Essential Things to Learn about Asset Allocation

Published On February 15, 2019 | By Gerald Rush | Business

Asset allocation is very important. So here are some very important things you should consider when it comes to that department.

Risk vs. Return

The risk-return trade off is at the core of what asset allocation is all about. It’s easy for everyone to say that they want the highest possible return, but simply choosing the assets with the highest potential isn’t the answer.

The biggest market crashes in history and the more recent declines of 2007 and 2009 are all examples of times when investing in only stocks with the highest potential return  was not the most prudent  plan of action.

You have to admit that every year your returns are going to be beaten by another investor, mutual funds, pension plan, and others.  What separates greedy and return-hungry investors from successful ones is the capability to weigh the relationship between risk and return.

It’s true the investors with higher risk tolerance should allocate more money into stocks. However, if you can’t stay invested through the short term fluctuations of a bear market, you should cut your exposure to equities.

Determine Short and Long Term Goals

We all have goals. Whether you aspire to build a huge retirement fund, own a yacht, or vacation home, pay for your child’s education or simply save for a brand new car, you should consider it in your asset allocation plan. All these goals need to be considered when determining the right mix.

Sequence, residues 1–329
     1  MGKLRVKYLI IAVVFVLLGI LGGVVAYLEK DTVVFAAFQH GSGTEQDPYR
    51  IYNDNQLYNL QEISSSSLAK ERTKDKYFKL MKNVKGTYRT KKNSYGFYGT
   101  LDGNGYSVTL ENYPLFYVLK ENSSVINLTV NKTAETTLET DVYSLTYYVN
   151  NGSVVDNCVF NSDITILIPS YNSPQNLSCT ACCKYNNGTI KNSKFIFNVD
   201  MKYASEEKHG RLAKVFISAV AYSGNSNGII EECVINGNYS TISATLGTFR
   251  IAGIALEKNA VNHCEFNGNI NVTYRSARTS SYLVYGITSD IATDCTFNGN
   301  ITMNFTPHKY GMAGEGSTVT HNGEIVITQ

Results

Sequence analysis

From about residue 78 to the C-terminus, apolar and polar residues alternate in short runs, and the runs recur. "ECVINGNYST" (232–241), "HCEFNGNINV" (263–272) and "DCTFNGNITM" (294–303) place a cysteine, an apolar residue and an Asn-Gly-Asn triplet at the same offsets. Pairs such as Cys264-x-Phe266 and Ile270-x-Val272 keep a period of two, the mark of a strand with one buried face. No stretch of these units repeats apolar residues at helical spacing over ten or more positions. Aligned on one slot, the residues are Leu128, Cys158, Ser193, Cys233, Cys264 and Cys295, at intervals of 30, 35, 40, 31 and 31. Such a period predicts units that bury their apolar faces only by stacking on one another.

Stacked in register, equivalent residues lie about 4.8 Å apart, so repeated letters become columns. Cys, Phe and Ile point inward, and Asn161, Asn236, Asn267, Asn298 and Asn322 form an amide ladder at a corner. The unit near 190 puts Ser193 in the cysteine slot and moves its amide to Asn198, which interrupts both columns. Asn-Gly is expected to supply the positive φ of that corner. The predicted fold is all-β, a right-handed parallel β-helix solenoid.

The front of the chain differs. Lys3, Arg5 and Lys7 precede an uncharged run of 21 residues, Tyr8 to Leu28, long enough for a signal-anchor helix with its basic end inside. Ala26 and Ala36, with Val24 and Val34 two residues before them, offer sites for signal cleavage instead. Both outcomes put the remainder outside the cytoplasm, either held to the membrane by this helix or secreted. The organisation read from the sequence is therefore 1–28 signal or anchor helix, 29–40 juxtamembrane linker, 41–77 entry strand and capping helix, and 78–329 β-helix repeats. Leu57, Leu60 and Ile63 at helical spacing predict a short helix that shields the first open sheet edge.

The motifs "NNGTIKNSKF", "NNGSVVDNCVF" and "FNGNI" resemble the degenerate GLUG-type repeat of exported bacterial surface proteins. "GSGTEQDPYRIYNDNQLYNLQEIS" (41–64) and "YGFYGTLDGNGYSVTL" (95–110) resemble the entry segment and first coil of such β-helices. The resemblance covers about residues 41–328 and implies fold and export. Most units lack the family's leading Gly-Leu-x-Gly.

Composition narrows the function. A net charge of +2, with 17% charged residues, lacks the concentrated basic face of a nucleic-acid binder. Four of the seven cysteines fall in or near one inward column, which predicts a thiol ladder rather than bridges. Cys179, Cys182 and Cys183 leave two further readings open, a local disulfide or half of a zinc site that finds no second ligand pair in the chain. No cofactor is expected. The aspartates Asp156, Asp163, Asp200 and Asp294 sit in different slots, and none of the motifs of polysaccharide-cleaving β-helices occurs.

For instance, if you’re planning to own a retirement house in 20 years, you don’t need to worry about the short term fluctuations in the stock market. On the other hand, if your son will be entering college in five to six years, you may need to tilt your asset allocation to safer fixed income investments.

And as you approach retirement, you may want to shift to a higher proportion of fixed income investments to equity holdings.

Time if Your Friend

The US Department of Labor has said that for every ten years you delay saving for retirement (or maybe other long-term goals), you will have to save three times as much each month to catch up.

Having time not only enables you to take advantage of compounding and the time value of money, but it also means you can put more of your portfolio into higher risk-return investments, namely stocks.  Two unlucky years in the stock market will likely show up as nothing more than an unimportant blip in 30 years.

Don’t depend on Financial Software or Planner Sheets

Financial planning software and survey sheets designed by financial advisors or investment firms can be beneficial, but do not depend solely on software or some pre-determined plan.

Keep in mind that standard worksheets sometimes don’t take into account other important information such as whether or not you  are a parent, retiree, or spouse. There are also worksheets are based on a set of simple questions that don’t capture your financial goals.

Keep in mind that financial institutions love to peg you into a standard plan not because it’s best for you, but because it’s easy for them. Reach out to WibestBroker Cryptocurrencies and to learn more about it you can visit  Wibest Broker Education.

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